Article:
CDI professionals can’t mitigate the magnitude of medical necessity denials by third-party payers.
Clinical documentation integrity (CDI) programs, combined with the actions of third-party payers, can erode net patient revenue for inpatient and outpatient services through process design.
In reviewing one particular inpatient case with $118,000 in charges denied by the third-party payer on the premise of lack of medical necessity, I became more than convinced that CDI programs, while billing themselves as “integrity programs,” are in reality contributing to ongoing financial challenges due to their lack of emphasis upon achieving real improvement in the quality and completeness of documentation and communication of patient care.
This lack of focus by CDI programs and the current silo approach to CDI play a major role in the ongoing onslaught of costly, avoidable, self-inflicted medical necessity denials, resulting in increased costs to collect, increased bad debt, and decreased net patient revenue. There seemingly is not one day that goes by that I don’t read that a hospital is filing for bankruptcy, experiencing significant financial losses, and/or laying off staff related to significant financial shortfalls.
This beckons the questions of to what extent adverse level-of-care determinations and downgrades – as well as medical necessity denials, clinical validation denials, and DRG down-codes – play a contributing role.
Allow me to share with you the details of this $118,000 denial, and come to your own conclusions.
The patient presented to the emergency department with shortness of breath and chest pain as the chief complaints. History of present illness, the section of the record that is crucial in accurately recording the severity of illness, appeared as follows:
- Patient admitted with respiratory symptoms and has clinical evidence for respiratory distress, as evidenced by the use of accessory muscles and mild labored breathing. Patient has a green productive cough with no fever. Patient with known history of COPD continues to smoke more than a pack per day, 50 pack-per-year history, and has known hypertension, diabetes poorly controlled, and non-compliance with meds and follow-up with outpatient appointments. Course crepitations heard all over the lung fields. Harsh vesicular breath sounds are heard on the right side of the lungs. Breath sounds diminished on the right.
There are eight elements of a history of present illness (HPI) that are integral to the documentation of the patient’s presenting severity of illness, serving to reflect the nature of the presenting problem. Under Medicare’s two-midnight rule governing inpatient admission, the physician’s reasonable expectation of at least a two-midnight hospital stay is predicated by such complex medical factors as beneficiary medical history and comorbidities, the severity of signs and symptoms, current medical needs, and the risk of an adverse event occurring during the time period for which hospitalization is considered. In other words, if the reviewer determines, based on documentation in the medical record, that it was reasonable for the admitting physician to expect the beneficiary to require medically necessary hospital care lasting two midnights, the inpatient admission is generally appropriate for payment under Medicare Part A. The HPI is defined as a chronological description of the development of the patient’s present illness, from the first sign and/or symptom or from the previous encounter to the present. HPI elements are the following:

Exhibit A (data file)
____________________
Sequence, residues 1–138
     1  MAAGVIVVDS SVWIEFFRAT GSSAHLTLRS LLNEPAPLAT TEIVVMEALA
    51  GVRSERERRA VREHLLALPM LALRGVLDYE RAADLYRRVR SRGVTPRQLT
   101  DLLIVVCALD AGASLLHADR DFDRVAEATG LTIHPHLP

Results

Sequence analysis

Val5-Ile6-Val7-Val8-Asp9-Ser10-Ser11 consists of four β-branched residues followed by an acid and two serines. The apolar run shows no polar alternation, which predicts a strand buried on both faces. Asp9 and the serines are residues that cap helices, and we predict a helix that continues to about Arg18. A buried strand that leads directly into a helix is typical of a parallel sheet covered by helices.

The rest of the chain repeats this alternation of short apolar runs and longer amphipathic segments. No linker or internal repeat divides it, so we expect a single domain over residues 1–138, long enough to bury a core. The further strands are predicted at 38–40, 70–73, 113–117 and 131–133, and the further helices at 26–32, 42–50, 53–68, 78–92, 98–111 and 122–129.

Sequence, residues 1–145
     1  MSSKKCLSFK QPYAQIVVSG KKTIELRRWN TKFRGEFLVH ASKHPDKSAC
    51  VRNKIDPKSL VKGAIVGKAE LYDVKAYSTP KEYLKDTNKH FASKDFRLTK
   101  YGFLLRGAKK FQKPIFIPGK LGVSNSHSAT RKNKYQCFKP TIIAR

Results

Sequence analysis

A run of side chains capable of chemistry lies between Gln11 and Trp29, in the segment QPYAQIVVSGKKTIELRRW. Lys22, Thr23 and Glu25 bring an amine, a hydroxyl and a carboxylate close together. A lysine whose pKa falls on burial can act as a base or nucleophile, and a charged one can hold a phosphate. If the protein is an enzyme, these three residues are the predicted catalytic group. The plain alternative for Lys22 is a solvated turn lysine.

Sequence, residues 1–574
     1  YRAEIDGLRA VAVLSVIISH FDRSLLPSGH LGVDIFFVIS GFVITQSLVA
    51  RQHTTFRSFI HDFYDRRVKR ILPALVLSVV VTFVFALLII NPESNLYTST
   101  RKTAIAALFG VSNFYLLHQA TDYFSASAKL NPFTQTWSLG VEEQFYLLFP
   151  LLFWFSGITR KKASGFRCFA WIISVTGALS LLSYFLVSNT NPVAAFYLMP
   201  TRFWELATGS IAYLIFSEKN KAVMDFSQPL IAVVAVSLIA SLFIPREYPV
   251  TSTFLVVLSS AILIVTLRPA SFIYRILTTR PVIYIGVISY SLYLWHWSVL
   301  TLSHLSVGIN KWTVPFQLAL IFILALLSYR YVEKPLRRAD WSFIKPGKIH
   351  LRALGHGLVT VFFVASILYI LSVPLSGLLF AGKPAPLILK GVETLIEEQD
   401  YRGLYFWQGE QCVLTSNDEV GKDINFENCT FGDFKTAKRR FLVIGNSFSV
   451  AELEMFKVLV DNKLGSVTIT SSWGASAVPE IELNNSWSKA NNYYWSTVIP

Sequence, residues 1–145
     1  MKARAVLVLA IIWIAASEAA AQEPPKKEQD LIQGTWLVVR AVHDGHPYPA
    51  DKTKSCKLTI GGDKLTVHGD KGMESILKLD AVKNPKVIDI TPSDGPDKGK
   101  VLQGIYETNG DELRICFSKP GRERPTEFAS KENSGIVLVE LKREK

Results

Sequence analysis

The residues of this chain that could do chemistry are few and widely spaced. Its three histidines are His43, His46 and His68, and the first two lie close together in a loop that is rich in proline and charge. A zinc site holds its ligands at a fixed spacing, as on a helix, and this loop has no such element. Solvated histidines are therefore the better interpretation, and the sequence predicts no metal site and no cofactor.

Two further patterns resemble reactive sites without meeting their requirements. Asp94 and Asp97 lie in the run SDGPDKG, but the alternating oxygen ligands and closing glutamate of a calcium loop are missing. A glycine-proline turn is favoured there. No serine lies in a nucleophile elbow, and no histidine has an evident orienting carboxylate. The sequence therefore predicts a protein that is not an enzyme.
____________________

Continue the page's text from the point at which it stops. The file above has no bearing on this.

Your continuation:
- Location (example: left leg)
- Quality (example: aching, burning, radiating pain)
- Severity (example: 10 on a scale of 1 to 10)
- Duration (example: started three days ago)
- Timing (example: constant or comes and goes)
- Context (example: lifted a large object at work)
- Modifying factors (example: better when heat is applied)
- Associated signs and symptoms (example: numbness in toes)
As you can clearly see, in the critical part of the HPI that serves as a prism through which medical necessity is reported, the physician overlooked recording key elements that are fundamental to any patient who presents with chest pain and shortness of breath. A more encompassing effective reflection of a patient presenting with chest pain and shortness of breath may take the following approach:
- Mr. Smith, a 65-year-old male patient, presented to the emergency department at 3 a.m., brought in by ambulance after having difficulty breathing. The patient is still smoking a pack a day and is on home oxygen 24/7 for chronic respiratory failure. Of note, the patient was just seen in ED four days ago and was diagnosed with acute bronchitis with concern for early pneumonia, and was discharged on Z-pack. The patient turned up his home O2 and still could not catch his breath; he then called 911. The patient was transported by ambulance to ED and was placed on O2 (six liters), arriving without incident. In the ED, the patient was still in obvious severe respiratory distress with accessory muscle use, two-word dyspnea, and complaining of associated chest pain with any movement, especially when breathing. Chest pain described as constant stabbing in nature at a pain level of 8 out of 10. The patient did receive breathing treatments and IV steroids but was still in distress, growing tired of work of breathing, and a decision was made to hospitalize the patient for further treatment of what I see as a clinical picture of early pneumonia with acute-on-chronic respiratory failure.